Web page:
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The World Factbook (1990)/Western Sahara

 

Western Sahara


World Factbook (1990) Western Sahara.jpg

See regional map VII



Geography


Total area: 266,000 km²; land area: 266,000 km²

Comparative area: slightly smaller than Colorado

Land boundaries: 2,046 km total; Algeria 42 km, Mauritania 1,561 km, Morocco 443 km

Coastline: 1,110 km

Maritime claims: contingent upon resolution of sovereignty issue

Disputes: claimed and administered by Morocco, but sovereignty is unresolved and guerrilla fighting continues in the area

Climate: hot, dry desert; rain is rare; cold offshore currents produce fog and heavy dew

Terrain: mostly low, flat desert with large areas of rocky or sandy surfaces rising to small mountains in south and northeast

Natural resources: phosphates, iron ore

Land use: NEGL% arable land; 0% permanent crops; 19% meadows and pastures; 0% forest and woodland; 81% other

Environment: hot, dry, dust/sand-laden sirocco wind can occur during winter and spring; widespread harmattan haze exists 60% of time, often severely restricting visibility; sparse water and arable land


People


Population: 191,707 (July 1990), growth rate 2.7% (1990)

Birth rate: 48 births/1,000 population (1990)

Death rate: 23 deaths/1,000 population (1990)

Net migration rate: 2 migrants/1,000 population (1990)

Infant mortality rate: 177 deaths/1,000 live births (1990)

Life expectancy at birth: 39 years male, 41 years female (1990)

Total fertility rate: 7.3 children born/woman (1990)

Nationality: noun—Saharan(s), Moroccan(s); adjective—Saharan, Moroccan

Ethnic divisions: Arab and Berber

Religion: Muslim

Language: Hassaniya Arabic, Moroccan Arabic

Literacy: 20% among Moroccans, 5% among Saharans (est.)

Labor force: 12,000; 50% animal husbandry and subsistence farming

Organized labor: NA


Government


Long-form name: none

Type: legal status of territory and question of sovereignty unresolved; territory contested by Morocco and Polisario Front (Popular Front for the Liberation of the Saguia el Hamra and Rio de Oro); territory partitioned between Morocco and Mauritania in April 1976, with Morocco acquiring northern two-thirds; Mauritania, under pressure from Polisario guerrillas, abandoned all claims to its portion in August 1979; Morocco moved to occupy that sector shortly thereafter and has since asserted administrative control; the Polisario's government in exile was seated as an OAU member in 1984; guerrilla activities continue to the present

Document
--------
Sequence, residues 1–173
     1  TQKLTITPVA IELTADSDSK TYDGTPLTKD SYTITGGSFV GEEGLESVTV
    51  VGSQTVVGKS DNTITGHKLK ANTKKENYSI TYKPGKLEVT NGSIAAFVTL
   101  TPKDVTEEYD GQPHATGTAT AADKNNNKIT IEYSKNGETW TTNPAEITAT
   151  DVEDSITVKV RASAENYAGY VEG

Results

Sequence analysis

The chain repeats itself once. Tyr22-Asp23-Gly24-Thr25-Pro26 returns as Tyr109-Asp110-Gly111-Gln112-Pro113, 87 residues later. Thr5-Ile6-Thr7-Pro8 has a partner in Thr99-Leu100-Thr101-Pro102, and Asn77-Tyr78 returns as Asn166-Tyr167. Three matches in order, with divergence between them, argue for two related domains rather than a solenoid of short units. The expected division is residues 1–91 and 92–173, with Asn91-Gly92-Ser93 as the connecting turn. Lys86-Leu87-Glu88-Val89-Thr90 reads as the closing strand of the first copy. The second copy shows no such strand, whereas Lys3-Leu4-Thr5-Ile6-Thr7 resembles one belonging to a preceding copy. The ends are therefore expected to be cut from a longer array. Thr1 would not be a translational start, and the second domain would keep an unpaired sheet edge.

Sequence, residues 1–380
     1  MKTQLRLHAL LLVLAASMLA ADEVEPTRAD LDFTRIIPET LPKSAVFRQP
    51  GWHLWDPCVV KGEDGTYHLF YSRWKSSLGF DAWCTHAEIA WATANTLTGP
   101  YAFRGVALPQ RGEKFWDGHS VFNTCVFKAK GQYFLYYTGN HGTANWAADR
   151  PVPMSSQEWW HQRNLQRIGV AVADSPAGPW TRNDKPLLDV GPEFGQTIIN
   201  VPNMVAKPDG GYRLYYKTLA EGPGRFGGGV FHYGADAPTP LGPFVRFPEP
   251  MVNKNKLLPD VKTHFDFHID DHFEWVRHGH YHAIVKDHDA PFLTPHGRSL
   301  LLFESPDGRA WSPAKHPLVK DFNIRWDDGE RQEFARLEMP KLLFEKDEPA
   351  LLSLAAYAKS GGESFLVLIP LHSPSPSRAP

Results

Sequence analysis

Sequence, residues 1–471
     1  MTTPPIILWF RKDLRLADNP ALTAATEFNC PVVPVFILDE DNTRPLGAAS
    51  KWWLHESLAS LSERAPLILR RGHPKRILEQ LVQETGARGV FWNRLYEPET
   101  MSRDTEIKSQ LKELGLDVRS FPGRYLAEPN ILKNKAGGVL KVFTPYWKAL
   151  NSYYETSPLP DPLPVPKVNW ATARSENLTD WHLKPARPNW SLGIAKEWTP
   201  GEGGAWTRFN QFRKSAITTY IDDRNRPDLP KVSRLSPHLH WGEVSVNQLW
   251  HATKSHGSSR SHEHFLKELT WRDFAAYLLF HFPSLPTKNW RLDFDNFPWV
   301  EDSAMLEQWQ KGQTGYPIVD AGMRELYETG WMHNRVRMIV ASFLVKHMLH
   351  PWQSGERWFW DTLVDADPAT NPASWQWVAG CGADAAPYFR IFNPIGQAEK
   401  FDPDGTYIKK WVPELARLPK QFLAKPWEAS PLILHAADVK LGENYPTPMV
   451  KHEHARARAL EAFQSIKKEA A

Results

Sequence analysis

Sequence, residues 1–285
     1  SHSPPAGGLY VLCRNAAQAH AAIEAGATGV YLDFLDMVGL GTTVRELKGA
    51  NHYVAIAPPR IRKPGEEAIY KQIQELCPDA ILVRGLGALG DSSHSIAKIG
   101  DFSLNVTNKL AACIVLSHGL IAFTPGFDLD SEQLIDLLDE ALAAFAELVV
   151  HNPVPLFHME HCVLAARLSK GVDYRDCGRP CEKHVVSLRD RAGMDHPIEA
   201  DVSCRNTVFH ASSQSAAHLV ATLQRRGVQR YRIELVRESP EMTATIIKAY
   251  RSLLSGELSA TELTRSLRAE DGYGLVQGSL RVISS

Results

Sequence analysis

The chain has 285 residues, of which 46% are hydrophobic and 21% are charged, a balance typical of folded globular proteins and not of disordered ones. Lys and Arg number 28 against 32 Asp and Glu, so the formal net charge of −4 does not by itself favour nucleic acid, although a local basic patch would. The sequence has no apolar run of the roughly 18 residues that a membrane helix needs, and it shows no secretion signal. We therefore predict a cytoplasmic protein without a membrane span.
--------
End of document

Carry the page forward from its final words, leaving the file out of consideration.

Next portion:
Capital: none

Administrative divisions: none (under de facto control of Morocco)

Leaders: none

Diplomatic representation: none


Economy


Overview: Western Sahara, a territory poor in natural resources and having little rainfall, has a per capita GDP of just a few hundred dollars. Fishing and phosphate mining are the principal industries and sources of income. Most of the food for the urban population must be imported. All trade and other economic activities are controlled by the Moroccan Government.

GDP: $NA, per capita $NA; real growth rate NA%

Inflation rate (consumer prices): NA%

Unemployment rate: NA%

Budget: revenues $NA; expenditures $NA, including capital expenditures of $NA

Exports: $8 million (f.o.b., 1982 est.); commodities—phosphates 62%; partners—Morocco claims and administers Western Sahara, so trade partners are included in overall Moroccan accounts

Imports: $30 million (c.i.f., 1982 est.); commodities—fuel for fishing fleet, foodstuffs; partners—Morocco claims and administers Western Sahara, so trade partners are included in overall Moroccan accounts

External debt: $NA

Industrial production: growth rate NA%

Electricity: 60,000 kW capacity; 79 million kWh produced, 425 kWh per capita (1989)

Industries: phosphate, fishing, handicrafts

Agriculture: practically none; some barley is grown in nondrought years; fruit and vegetables are grown in the few oases; food imports are essential; camels, sheep, and goats are kept by the nomadic natives; cash economy exists largely for the garrison forces

Aid: NA

Currency: Moroccan dirham (plural—dirhams); 1 Moroccan dirham (DH) = 100 centimes

Exchange rates: Moroccan dirhams (DH) per US$1—8.093 (January 1990), 8.488 (1989), 8.209 (1988), 8.359 (1987), 9.104 (1986), 10.062 (1985)

Fiscal year: NA


Communications


Highways: 6,100 km total; 1,350 km surfaced, 4,750 km improved and unimproved earth roads and tracks

Ports: El Aaiun, Ad Dakhla

Airports: 16 total, 14 usable; 3 with permanent-surface runways; none with runways over 3,659 m; 3 with runways 2,440-3,659 m; 6 with runways 1,220-2,439 m

Telecommunications: sparse and limited system; tied into Morocco's system by radio relay, tropospheric scatter, and 2 Atlantic Ocean INTELSAT earth stations linked to Rabat, Morocco; 2,000 telephones; stations—2 AM, no FM, 2 TV


Defense Forces


Branches: NA

Military manpower: NA

Defense expenditures: NA